I’ve been watching the emergence of project Tin Can (think SCORM for a modern world) with great interest. The folks over at Rustici Software working with Aaron Silvers and the ADL team are nearing a first release – scheduled for June this year.
In my view, the potential for what it has to offer is huge. Tin Can promises to address many of the shortcomings associated with existing SCORM standards that are now over 10 years old and as the Rustici Web site puts it “The Tin Can API fuses a decade of collective e-learning experiences with a decade of technological advances.”
Even more significantly, I believe it will have a profound impact on the way we think about, create, host and track eLearning and learning content in the future. For me, the top five benefits that can be delivered by Tin Can are these:
So what’s wrong with what we’ve got today?
The standards used for eLearning today (predominantly SCORM 1.2 and SCORM 2004) are inherently problematic in many ways. Experienced eLearning developers are used to working their way and innovating their way around the issues, but it’s not an ideal situation by any means. Here are a few of the top issues with SCORM today:
Today, establishing and recording a “complete picture” of an individual’s or team’s learning and achievement history is difficult. This is largely because SCORM based eLearning is treated in isolation from other forms of learning, which when you think about it is far from ideal and a rather strange state of affairs.
So here’s the before and after picture that illustrates how Tin Can radically changes things and offers the opportunities to unify the worlds of online eLearning with other forms of learning. Along with all of this will come many new business opportunities, and many new interesting learning scenarios.
How does Tin Can Work?
You can find more details about the Tin Can API and the current specification itself on the Rustici Web site at http://scorm.com/tincan/ however I’ll provide a brief summary here.
Tin Can is based on statements that are sent from the content (or “activities” as Tin Can refers to them as) to the LRS. These statements are all based around a very simple sentence structure:
Noun (actor), verb, object
At its most simple, this can be stated as:
“I did something”
Examples might include “Alex completed Tin Can API training”, “Peter experienced the SalesForce CRM demonstration”, “Jane achieved green belt in Jujitsu”, “Chris attended a Web seminar” and so on.
Statements can get a little more elaborate and can include context information. For example:
“Steve completed Company Induction Training with a result of 85% on 21st Feb 2012 at 14:35.”
Using this approach, Tin Can can capture everything you can capture today in SCORM, but it also provides much more flexibility by enabling the addition of new nouns, verbs, and objects.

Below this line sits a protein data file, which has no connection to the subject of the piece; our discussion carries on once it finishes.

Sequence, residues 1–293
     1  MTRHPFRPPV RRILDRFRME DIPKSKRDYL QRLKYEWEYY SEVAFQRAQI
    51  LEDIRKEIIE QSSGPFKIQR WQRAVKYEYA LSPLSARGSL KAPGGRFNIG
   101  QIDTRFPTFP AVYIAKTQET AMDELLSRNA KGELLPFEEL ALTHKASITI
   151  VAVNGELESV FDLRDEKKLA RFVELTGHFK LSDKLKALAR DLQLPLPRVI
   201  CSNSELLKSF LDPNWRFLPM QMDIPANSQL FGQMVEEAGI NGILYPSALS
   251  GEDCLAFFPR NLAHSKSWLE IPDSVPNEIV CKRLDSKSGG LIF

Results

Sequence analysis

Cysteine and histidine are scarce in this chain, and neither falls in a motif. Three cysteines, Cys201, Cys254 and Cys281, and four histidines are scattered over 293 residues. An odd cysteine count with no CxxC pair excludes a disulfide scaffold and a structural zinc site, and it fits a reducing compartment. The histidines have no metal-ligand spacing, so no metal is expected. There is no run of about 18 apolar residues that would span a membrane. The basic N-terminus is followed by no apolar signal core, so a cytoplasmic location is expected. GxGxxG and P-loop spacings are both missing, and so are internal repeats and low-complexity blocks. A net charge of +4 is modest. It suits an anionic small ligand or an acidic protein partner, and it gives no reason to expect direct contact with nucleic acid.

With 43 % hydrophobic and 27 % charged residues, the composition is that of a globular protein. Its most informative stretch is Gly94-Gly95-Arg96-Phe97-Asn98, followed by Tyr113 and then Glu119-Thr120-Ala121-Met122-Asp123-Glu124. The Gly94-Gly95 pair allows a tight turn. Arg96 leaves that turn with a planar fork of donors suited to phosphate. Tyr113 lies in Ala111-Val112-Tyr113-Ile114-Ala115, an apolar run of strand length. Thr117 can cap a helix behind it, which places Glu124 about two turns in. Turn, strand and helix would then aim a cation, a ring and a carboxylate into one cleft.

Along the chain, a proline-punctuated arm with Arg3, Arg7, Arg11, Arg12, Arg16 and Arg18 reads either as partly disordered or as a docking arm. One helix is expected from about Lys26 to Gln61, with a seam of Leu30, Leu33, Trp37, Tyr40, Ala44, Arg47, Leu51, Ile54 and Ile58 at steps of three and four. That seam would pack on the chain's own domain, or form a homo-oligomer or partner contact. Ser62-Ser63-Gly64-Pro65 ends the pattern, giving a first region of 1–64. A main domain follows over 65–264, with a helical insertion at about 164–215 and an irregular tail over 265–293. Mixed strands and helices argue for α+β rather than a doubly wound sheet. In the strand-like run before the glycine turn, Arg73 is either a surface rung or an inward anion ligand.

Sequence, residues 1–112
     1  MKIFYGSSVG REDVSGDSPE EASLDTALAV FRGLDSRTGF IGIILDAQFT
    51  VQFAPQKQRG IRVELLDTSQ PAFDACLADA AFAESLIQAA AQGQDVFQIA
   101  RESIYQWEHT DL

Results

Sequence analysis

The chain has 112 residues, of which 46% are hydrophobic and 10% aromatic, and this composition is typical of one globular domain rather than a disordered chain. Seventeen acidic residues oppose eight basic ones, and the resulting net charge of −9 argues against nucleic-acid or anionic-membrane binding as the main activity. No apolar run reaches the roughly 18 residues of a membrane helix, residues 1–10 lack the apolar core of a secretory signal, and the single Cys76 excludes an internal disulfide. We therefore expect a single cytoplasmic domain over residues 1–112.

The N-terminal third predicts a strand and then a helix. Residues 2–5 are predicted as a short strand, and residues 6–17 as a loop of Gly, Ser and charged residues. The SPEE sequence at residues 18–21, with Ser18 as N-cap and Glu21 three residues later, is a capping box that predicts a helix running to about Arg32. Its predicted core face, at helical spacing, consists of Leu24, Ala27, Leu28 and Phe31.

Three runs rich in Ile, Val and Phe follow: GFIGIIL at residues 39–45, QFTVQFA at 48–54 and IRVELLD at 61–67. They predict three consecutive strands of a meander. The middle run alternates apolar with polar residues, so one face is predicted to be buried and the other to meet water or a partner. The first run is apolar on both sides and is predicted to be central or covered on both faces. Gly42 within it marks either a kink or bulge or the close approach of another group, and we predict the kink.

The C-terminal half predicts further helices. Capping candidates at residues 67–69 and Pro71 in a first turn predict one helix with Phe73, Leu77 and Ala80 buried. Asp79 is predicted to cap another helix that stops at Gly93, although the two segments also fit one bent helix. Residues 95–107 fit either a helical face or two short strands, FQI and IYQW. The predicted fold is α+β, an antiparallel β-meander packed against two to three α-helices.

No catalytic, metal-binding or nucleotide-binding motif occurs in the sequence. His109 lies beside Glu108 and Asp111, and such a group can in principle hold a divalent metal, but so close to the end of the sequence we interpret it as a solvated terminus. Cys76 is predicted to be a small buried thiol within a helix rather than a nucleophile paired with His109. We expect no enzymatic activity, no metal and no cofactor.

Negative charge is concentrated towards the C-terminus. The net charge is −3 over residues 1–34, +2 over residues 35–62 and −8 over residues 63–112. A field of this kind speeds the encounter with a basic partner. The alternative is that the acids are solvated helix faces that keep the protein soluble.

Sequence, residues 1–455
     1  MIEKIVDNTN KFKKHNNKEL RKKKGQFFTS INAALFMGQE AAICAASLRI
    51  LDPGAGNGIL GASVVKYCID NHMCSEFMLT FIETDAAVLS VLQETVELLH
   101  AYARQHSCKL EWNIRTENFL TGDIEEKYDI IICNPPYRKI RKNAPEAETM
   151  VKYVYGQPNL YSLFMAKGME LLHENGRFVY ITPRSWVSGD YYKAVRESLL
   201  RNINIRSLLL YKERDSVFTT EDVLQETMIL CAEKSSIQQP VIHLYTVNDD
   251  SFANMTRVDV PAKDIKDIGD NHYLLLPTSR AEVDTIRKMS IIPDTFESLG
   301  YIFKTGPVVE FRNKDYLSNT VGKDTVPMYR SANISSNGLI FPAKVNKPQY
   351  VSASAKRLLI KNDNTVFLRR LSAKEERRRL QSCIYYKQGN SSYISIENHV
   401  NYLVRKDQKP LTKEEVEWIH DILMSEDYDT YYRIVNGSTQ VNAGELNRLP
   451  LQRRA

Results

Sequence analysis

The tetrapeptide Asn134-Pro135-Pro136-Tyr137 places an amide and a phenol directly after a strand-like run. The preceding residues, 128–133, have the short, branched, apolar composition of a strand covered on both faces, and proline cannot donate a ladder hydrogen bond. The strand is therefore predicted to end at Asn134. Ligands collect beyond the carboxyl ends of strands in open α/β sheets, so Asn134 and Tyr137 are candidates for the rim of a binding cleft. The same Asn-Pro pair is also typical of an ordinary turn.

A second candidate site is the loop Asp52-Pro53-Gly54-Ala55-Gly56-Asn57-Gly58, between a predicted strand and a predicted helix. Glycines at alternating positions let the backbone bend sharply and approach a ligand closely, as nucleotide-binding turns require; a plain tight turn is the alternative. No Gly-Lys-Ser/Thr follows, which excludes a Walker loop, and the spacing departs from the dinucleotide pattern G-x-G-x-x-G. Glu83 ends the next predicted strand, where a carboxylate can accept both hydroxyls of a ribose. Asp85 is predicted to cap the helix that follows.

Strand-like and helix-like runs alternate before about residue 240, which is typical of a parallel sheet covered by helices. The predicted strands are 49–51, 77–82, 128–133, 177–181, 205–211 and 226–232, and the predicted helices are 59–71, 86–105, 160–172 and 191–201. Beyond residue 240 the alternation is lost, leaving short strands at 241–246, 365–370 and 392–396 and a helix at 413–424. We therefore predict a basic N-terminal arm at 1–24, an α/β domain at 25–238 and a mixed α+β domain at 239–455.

The Learning Record Store (LRS)
The record keeper for these learning events is the Learning Record Store (LRS). This could be an LMS with extended support for Tin Can, but it doesn’t have to be. An LRS on its own could simply provide the repository for learning events. To be of much use it would also need to include a way of extracting the data through reports.
With statement data being able to record a multitude of different learning events, the reports available from LRS systems in the future, will be much richer and better than the typical reports available from LMS today.
The key thing to remember is that the LRS can be located anywhere and the content when it is created doesn’t need to know where. I expect many LRS will be “Cloud” based because the “Cloud” is an ideal place. Furthermore, the LRS doesn’t need to know in advance anything about the content – the location of the content, the type of content or even the identity of the learner consuming the content.
Final thoughts for now
It will be interesting to see how quickly authoring tool and LMS vendors jump on board with Tin Can. I’d like to think this will happen quickly but expect it will be slow going at first and will take time to gather momentum. This has tended to be the case with eLearning over the past 10 years.
I expect to see the more forward thinking LMS vendors adding LRS capabilities to what they already have, while continuing to support existing SCORM 1.2 and 2004 along with the Tin Can API.
I also expect to see increased App innovation with Apps built for specific platforms (such as the iPad for example) providing first rate content experiences. For the first time, content developers will be free to provide THE VERY BEST experience for specific devices (free from the shackles of SCORM) while at the same time being able to easily use the Tin Can API to push learning events through to Cloud based LRS systems for tracking purposes.
We will certainly be looking to adopt Tin Can within our Cloud-based Reach LMS and within the content oriented Apps we have in the pipeline. Delivering top quality learning experiences across the widest range of devices possible is exactly what we’re focused on. SCORM at the moment is not making that easy, Tin Can should help oil the wheels.
I'm Technical Director at CM Group. I'm responsible for the product and services development side of our business. I'm involved in business development, strategy and operations and am passionate about technology and specifically how it can be applied to learning.
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